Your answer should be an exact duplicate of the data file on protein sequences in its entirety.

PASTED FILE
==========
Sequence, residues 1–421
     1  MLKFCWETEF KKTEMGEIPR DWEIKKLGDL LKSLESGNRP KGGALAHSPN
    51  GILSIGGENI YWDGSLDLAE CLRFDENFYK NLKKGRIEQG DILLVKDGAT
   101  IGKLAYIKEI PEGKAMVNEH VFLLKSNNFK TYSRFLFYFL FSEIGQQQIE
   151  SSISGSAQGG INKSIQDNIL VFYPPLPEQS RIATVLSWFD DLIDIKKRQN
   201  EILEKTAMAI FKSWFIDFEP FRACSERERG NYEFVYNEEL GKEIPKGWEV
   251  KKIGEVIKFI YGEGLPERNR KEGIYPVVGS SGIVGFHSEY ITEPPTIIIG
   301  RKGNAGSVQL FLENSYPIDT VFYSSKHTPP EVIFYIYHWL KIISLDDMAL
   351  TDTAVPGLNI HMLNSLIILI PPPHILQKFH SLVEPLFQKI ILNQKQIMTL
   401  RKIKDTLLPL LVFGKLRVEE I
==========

Sequence, residues 1–421
     1  MLKFCWETEF KKTEMGEIPR DWEIKKLGDL LKSLESGNRP KGGALAHSPN
    51  GILSIGGENI YWDGSLDLAE CLRFDENFYK NLKKGRIEQG DILLVKDGAT
   101  IGKLAYIKEI PEGKAMVNEH VFLLKSNNFK TYSRFLFYFL FSEIGQQQIE
   151  SSISGSAQGG INKSIQDNIL VFYPPLPEQS RIATVLSWFD DLIDIKKRQN
   201  EILEKTAMAI FKSWFIDFEP FRACSERERG NYEFVYNEEL GKEIPKGWEV
   251  KKIGEVIKFI YGEGLPERNR KEGIYPVVGS SGIVGFHSEY ITEPPTIIIG
   301  RKGNAGSVQL FLENSYPIDT VFYSSKHTPP EVIFYIYHWL KIISLDDMAL
   351  TDTAVPGLNI HMLNSLIILI PPPHILQKFH SLVEPLFQKI ILNQKQIMTL
   401  RKIKDTLLPL LVFGKLRVEE I